Endangered Trees Able to Outsmart Hungry Squirrels
Photo via the Edmonton Journal
Old dogs may have a hard time learning new tricks -- but it doesn't seem to be a problem for a group of endangered trees from Canada, some of which are around 1,500 years old. In 2009, so many of Alberta's mountainous five-needle pines were killed by beetles and fungi that they became listed as endangered, in desperate need of repopulation to preserve the species, but seed-hungry squirrels threatened to dim their chances. Local scientists were pleased to discover, however, that the old trees seemed to have a plan to outwit them.The five-needle pines typically produce around 25 cones a year, filled with seeds that are apparently irresistible to local wildlife. Bears and squirrels are known to feast on the seeds, fattening up for the winter famine. Meanwhile, the tree relies upon a single bird species, the Clark's Nutcracker, to collect what's left and bury it in the surrounding hillsides. And, when the birds inevitably forget where they put a few of them, new pines have a chance to sprout.
Unfortunately for the pines, in dire need of a baby-boom after the tree-killing plagues, those squirrels and bears usually leave too few seeds behind for the Nutcrackers to do their part in the tree's reproduction process.
But just as scientists began to fear the worst for the endangered trees, something incredible happened. In 2010, instead of producing their typical batch of two dozen cones, the trees seemed to be doubling their efforts.
For biologist Vern Peters, from The King's University College, the 'pine cone bonanza' offered insight into just how evolved the old trees actually are. A report from the Edmonton Journal explains:
For some unknown reason, [in 2010] nearly every tree had three times as many cones and some had up to 300. As scientists expected, but hadn't earlier been able to prove, the pines outwit the squirrels by saving their energy and producing most of their seeds all at once.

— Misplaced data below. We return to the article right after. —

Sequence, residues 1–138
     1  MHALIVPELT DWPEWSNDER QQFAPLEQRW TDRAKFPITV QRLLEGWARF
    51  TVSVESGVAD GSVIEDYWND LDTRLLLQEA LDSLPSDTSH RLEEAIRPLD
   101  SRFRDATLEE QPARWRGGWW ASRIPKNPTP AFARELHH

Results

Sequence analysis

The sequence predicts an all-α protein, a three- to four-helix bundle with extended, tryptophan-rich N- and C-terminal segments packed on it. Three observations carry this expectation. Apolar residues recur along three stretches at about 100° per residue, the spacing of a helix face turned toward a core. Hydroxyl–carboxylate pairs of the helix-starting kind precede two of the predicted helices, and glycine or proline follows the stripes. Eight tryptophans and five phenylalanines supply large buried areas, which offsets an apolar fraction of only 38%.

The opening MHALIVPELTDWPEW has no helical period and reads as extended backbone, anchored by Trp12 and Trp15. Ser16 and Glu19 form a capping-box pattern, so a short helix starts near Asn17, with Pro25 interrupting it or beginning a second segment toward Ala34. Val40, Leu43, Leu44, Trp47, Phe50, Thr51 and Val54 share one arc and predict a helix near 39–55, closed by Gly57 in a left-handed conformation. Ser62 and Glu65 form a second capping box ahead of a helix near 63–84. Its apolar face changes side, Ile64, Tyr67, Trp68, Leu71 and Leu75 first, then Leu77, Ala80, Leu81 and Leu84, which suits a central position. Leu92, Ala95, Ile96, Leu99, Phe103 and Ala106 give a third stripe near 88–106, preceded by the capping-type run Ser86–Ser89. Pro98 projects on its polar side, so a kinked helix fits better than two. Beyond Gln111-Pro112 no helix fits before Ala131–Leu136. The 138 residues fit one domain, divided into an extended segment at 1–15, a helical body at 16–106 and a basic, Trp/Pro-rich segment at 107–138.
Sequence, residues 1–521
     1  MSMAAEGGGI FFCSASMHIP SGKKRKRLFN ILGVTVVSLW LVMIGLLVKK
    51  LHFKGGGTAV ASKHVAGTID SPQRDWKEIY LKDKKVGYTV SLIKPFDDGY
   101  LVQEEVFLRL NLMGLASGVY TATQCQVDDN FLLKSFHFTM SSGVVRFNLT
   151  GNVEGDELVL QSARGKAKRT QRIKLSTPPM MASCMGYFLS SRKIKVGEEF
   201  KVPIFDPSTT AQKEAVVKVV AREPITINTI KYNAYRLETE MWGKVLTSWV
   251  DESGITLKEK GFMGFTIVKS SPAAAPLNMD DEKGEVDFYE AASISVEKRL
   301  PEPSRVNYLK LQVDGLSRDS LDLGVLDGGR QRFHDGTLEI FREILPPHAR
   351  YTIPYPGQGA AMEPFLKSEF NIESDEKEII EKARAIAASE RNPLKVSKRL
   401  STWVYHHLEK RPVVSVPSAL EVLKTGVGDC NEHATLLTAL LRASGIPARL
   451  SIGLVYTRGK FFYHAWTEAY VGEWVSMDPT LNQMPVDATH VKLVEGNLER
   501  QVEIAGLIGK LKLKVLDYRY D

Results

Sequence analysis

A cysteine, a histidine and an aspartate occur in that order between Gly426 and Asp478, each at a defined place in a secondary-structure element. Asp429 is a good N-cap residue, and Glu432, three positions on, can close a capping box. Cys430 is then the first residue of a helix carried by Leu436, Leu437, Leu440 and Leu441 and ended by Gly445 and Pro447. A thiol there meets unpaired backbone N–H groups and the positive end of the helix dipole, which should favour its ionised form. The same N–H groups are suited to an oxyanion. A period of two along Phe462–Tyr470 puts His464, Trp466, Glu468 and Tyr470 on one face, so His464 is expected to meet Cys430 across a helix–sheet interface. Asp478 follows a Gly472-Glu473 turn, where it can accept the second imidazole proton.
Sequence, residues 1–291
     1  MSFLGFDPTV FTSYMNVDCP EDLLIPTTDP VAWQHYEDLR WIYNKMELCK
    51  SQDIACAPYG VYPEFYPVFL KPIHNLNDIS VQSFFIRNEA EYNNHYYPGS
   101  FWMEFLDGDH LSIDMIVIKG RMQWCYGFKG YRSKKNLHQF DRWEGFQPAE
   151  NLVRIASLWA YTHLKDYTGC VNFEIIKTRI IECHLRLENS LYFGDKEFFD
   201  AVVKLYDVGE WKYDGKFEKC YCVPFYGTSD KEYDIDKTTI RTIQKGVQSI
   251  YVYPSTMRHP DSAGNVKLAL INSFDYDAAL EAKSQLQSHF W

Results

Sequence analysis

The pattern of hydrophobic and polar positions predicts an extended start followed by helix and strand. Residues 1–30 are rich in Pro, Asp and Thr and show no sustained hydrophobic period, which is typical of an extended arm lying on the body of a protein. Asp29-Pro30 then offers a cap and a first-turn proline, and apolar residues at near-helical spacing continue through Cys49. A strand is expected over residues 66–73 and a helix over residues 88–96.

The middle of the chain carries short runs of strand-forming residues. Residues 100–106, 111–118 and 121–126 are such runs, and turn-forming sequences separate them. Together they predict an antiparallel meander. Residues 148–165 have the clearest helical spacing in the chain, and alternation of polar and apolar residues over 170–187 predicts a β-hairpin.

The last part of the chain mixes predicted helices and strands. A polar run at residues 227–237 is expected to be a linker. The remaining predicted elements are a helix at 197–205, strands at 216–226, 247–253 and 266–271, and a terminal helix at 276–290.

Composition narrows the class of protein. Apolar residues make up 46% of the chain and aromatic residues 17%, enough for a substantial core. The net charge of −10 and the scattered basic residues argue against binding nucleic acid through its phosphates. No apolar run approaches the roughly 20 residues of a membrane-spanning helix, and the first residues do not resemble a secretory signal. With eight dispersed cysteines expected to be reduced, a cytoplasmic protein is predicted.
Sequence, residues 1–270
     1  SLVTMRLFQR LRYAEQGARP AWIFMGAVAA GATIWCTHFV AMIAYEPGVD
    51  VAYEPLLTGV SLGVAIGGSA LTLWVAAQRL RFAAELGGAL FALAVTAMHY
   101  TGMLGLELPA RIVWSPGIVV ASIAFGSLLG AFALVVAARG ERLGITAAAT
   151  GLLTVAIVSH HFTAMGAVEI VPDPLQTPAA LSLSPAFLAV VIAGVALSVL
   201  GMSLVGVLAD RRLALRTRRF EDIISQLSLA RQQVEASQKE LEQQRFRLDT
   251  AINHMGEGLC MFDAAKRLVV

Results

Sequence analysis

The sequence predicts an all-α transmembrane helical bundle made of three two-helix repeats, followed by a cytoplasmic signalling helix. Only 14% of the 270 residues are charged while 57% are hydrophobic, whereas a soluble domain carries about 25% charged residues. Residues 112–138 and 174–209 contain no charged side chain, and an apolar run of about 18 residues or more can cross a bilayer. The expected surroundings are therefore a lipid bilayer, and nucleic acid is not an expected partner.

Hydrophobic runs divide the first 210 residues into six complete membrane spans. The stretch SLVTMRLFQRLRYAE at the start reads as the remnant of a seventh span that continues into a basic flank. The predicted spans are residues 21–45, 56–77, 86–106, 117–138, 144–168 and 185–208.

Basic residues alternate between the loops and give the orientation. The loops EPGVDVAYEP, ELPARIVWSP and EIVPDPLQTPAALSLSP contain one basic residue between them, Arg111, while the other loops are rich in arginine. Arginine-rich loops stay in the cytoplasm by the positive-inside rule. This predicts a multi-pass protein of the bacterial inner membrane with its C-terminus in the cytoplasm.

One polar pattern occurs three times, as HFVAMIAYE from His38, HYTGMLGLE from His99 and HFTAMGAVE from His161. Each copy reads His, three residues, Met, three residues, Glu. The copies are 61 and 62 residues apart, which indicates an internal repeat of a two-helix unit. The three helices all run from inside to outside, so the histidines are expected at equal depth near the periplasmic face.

The squirrels simply can't eat enough, said Peters, who has been monitoring 17 stands of limber pine for several years with help from undergraduate students.
To do their part, conservationists have been working tirelessly to improve the odds for the endangered trees. Studies, like the one undertaken by Peters, are hoping to result in a tree recovery plan for the provincial sustainable resource department. Other operations are working to uproot thriving plants to make a bit more room for the pines to grow.
In the end, however, it may be the tree's 'evolutionary quirk' and its symbiotic relationship the Clark's Nutcracker that ensure the pine's recovery.
"It's just an incredible story of life supporting other life," Peters told the Journal. "Here's this bird that does all of this for us. You lose one component and there's a cascade of effects. The bird that plants the seed, produces the tree, that makes the cone, that lets the bear live through the winter."
Centuries of study continuously prove nature's uncanny ability to overcome difficulties and defy expectations -- and we never seem to cease marveling at its aptitude for survival.
But of course, you don't get to live to be 1,500 years old without picking up a few tricks along the way.
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